How do firms decide which prospect will make a better customer in the future, and is therefore worthwhile to acquire now? Using test and control groups, Reinartz, Werner, Jacquelyn S. Thomas, and V. Kumar (2005)showed that acquiring and retaining the ‘right’ customers garnered a B2C firm an incremental profit of $345,800 with an ROI close to 860%.
Having ensured that the customer is transacting with the firm, what kind of sales and service resources should the firm allocate to conduct future business with that customer? Kumar and Venkatesan (2005) identified the drivers of profitable multi-channel shopping behavior and found that adding one more channel resulted in an average net gain of about 80% in profits.
How do firms decide the timing of an offering to a customer? When done right, results have showed that firms increased their profits by an average of $1,600 per customer, representing an increase in ROI of 160% (Kumar et al. 2006).
How should firms monitor customer activity, in order to readjust the form and intensity of their marketing initiatives? In managing firm actions regarding customer acquisition and retention efforts,Reinartz, Werner, Jacquelyn S. Thomas, and V. Kumar has found that it is not sufficient to consider how much to spend on acquisition or retention alone, but instead on how firms must balance acquisition and retention spending together to maximize profitability and doubling the ROI.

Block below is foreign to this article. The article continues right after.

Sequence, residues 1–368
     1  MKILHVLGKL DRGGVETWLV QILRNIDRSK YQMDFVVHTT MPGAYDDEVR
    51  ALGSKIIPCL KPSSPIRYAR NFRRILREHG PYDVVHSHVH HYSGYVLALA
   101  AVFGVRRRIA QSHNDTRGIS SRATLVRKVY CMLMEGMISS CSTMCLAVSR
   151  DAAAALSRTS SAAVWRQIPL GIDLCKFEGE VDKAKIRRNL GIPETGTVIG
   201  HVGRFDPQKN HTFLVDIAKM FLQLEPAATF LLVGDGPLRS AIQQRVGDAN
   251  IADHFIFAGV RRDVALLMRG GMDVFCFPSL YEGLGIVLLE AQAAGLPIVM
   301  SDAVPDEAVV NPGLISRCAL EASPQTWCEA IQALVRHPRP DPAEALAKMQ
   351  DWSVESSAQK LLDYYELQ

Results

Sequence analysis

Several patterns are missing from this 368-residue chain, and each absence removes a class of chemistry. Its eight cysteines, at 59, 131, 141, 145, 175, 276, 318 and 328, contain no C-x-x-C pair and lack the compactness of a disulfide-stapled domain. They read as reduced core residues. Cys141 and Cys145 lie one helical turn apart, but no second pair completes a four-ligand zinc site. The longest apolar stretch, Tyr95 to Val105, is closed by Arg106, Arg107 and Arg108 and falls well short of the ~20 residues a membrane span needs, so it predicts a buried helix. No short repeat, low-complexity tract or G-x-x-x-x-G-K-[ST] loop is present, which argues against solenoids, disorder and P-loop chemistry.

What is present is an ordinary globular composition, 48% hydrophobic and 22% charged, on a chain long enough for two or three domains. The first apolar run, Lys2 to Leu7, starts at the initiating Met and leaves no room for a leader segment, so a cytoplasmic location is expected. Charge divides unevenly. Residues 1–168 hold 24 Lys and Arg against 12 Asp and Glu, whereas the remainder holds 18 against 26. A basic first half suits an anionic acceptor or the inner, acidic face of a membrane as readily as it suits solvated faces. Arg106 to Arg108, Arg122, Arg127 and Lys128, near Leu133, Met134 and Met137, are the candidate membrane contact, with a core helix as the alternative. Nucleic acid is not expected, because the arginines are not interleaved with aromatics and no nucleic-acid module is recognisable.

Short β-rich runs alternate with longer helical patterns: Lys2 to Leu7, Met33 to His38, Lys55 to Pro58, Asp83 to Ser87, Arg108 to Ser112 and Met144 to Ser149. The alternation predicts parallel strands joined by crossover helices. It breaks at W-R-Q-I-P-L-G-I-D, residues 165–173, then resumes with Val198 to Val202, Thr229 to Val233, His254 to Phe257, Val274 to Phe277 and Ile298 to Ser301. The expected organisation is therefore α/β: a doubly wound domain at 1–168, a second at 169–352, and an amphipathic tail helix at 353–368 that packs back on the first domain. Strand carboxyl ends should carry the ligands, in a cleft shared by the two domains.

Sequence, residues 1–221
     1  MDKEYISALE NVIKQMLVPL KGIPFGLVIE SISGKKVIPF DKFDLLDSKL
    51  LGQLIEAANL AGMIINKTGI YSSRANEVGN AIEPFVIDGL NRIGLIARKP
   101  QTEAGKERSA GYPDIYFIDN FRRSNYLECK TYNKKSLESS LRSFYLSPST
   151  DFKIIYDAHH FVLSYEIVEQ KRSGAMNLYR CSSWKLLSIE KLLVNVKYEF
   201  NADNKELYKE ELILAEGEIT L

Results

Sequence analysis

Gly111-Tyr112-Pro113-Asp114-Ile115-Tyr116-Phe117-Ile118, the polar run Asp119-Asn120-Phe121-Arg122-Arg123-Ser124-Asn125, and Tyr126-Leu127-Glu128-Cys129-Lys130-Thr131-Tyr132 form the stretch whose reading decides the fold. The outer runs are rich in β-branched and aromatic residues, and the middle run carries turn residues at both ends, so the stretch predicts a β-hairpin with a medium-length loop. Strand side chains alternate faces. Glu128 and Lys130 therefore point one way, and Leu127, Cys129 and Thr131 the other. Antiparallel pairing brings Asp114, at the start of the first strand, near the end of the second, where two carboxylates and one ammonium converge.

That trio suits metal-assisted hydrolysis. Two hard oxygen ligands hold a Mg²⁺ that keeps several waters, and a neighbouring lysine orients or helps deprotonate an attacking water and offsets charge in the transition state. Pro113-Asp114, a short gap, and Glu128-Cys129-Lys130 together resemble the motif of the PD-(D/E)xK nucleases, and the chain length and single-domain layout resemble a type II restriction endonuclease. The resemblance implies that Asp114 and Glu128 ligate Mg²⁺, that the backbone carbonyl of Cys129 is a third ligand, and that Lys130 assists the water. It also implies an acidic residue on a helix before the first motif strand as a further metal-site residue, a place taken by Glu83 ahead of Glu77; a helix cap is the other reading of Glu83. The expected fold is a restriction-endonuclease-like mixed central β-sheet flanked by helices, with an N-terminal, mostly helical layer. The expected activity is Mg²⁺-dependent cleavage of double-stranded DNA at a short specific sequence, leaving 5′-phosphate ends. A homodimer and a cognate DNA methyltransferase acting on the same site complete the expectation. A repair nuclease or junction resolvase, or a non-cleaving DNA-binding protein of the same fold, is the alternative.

Should firms invest in building brands, customers, or both brands and customers? Kumar, et al. (2018) has shown that by understanding the link between investments in branding and CLV, firms can efficiently allocate their resources to generate maximum value. We have observed that a 5% increase in the investments in branding causes the CLV to go up by over 25%.
Should firms realign themselves to implement CLV and its related strategies, and if so, how? (Ramani and Kumar2008).
How can firms enhance their value through the customers’ referral behavior? By implementing customized campaigns for each customer value segment, B2B and B2C firms have realized large profit gains, representing a higher ROI (Kumaret al. 2013; Kumaret al. 2010; Kumaret al. 2007).
How do firms leverage the CLV metric to drive their stock price and provide more value to their stakeholders? By linking CLV-based actions to a firm’s stock price, B2B and B2C firms have reported significant increases of about 35% and 57% in their stock prices, better prediction of stock price movements, and superior performance with respect to the stock market index and rival firms (Krasnikov, Alexander, Satish Jayachandran, and V. Kumar (2009); Kumarand Shah 2009).

Krasnikov, Alexander, Satish Jayachandran, and V. Kumar (2009), "The impact of customer relationship management implementation on cost and profit efficiencies: evidence from the US commercial banking industry," Journal of Marketing, 73 (6), 61-76.
Kumar, V. (2008), Managing Customers for Profit: Strategies to Increase Profits and Build Loyalty. Upper Saddle River, NJ: Wharton School Publishing.